Starting from the 60’s, Hamlyn produced a series of cookbooks with the title 500 recipes for… The bulk of the series was written by Marguerite Patten, a food writer and author who rose to fame in post-war Britain. She, along with Elizabeth David, Claudia Roden and, our very own, Madhur Jaffrey was one of the food writers credited with changing the dowdy face of British cooking.
Amongst the other authors of the series is Catherine Kirkpatrick. I have not heard of her before, nor have I been able to find out anything about her. The recipe, however, is inspired by her Macaroni & Cheese Pancake recipe in 500 recipes for Egg and Cheese.
Many of the other recipes in the book (and the series) are hopelessly quaint and out of date. I really can’t imagine anyone except a Parsi Caterer or a Regimental Mess cooking up Curried Eggs, Cheese and Haddock Pie or Spaghetti a la Russe.
I suppose, though, at the time these books were published that the readers saw them as a gateway into making exotic foods. However, given that most of the recipes call for very simple ingredients and the instructions are not more than a few lines, they served as quick recipes for working women. Many of the recipes are for one-pot dishes and for easy savoury bakes and simple puddings.
While it’s unlikely you’ll find these titles on the shelves anymore (except perhaps on the streets, or second-hand book stores) I can imagine that these quaint post-war British recipes found some resonance with anglicised Indian women, like my mother, who grew up under the Raj. They were, I hazard to guess, as exciting and exotic for her as they were for British women.
My own recipe has very little in common with the original.
2 tbsp dry macaroni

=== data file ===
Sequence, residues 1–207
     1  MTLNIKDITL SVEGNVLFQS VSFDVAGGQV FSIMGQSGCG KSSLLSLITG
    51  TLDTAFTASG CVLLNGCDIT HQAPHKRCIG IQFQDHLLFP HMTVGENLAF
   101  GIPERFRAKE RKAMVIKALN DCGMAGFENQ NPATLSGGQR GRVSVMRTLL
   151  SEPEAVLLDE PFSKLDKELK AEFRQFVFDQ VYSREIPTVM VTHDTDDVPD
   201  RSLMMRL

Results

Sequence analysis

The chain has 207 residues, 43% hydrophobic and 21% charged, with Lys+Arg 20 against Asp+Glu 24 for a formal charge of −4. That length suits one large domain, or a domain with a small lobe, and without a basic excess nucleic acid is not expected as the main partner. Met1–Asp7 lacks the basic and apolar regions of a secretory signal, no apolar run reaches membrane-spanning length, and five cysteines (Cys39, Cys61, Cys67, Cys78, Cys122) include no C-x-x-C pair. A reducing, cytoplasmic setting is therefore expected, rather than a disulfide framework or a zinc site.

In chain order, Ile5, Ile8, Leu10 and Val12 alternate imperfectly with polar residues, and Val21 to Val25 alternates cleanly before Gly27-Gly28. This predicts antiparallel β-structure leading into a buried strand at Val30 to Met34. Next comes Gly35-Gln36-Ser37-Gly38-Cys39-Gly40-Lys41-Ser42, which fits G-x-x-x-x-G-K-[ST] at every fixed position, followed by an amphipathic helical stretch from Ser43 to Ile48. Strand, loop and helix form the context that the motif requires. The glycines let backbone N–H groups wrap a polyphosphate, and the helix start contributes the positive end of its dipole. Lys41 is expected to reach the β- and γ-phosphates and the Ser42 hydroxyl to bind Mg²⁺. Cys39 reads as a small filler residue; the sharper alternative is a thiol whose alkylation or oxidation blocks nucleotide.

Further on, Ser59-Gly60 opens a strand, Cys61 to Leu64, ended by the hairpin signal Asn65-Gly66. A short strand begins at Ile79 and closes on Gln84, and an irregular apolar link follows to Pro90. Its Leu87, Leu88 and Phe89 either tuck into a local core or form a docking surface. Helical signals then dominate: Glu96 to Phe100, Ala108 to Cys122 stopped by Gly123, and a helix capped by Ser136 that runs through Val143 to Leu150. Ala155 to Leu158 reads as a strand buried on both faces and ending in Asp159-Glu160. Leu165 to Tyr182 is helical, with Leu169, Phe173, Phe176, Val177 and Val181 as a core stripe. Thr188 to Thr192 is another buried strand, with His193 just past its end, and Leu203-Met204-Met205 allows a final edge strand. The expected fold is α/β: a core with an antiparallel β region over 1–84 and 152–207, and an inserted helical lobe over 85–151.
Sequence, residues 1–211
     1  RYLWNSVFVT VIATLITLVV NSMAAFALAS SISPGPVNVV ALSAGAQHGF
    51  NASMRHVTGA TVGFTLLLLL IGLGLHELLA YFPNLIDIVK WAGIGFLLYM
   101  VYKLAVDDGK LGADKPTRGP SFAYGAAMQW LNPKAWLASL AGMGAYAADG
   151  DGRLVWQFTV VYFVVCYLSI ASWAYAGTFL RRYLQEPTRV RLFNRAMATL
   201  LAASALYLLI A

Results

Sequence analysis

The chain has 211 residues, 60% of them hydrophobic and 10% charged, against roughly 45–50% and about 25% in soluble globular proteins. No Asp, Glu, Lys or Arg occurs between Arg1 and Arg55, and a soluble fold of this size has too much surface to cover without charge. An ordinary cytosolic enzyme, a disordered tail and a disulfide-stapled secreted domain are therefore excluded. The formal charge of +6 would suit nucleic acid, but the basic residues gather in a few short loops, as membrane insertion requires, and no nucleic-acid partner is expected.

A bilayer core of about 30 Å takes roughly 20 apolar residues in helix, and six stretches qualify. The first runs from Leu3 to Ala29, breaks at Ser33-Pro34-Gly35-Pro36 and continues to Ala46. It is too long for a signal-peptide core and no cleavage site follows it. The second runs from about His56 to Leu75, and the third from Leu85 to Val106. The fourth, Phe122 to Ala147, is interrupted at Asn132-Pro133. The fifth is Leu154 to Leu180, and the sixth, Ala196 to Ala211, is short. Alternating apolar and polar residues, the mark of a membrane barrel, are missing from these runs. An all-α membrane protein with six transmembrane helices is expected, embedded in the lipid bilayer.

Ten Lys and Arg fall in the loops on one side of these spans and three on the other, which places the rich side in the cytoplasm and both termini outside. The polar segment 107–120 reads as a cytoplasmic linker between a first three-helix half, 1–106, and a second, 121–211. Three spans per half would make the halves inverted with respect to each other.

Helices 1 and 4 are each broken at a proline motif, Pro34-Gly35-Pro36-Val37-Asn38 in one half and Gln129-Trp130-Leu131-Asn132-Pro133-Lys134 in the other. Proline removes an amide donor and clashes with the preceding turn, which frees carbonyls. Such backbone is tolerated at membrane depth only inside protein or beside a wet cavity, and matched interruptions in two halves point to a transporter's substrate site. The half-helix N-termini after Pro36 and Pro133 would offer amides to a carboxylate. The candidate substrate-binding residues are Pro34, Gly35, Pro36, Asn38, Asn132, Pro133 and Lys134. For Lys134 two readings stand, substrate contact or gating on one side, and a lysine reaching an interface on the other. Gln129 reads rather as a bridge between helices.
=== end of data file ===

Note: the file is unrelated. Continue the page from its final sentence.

1 tbsp flour
4 tbsp grated cheese of your choice (you can use a single cheese or combine two like gruyere and emmenthal or cheddar and gouda)
3 tbsp milk
pinch of salt, pepper and oregano
butter to fry
Cook the macaroni in salted water till done.
Meanwhile, mix the flour with the cheese till it coats the cheese and the shreds of cheese are separate and not clumped together.
Pour in the milk and stir together with a fork till you have a thick paste of dropping consistency. If it’s too thick add a little more milk, if too watery some flour.
Once the macaroni is done, drain and allow to cool to room temperature.
Stir it into the batter. Let it sit for a few minutes so that the batter can fill up the macaroni tubes.
Heat up a pancake pan on a medium-high flame.
Grease a ½-inch high,10-inch diameter ring mould and place it on the pan. Put about a ¼ tsp of butter in the centre of the mould.
Lower heat and drop the batter in spoonfuls, making sure to spread it evenly.
Cook for about a minute and a half or till it is firm underneath. (If it’s sticking to the ring, separate gently with a sharp knife.) Flip over and cook for about a minute.
Serve plain or top with sour cream and smoked salmon.
Preparation time: 15 minutes
Makes 2 pancakes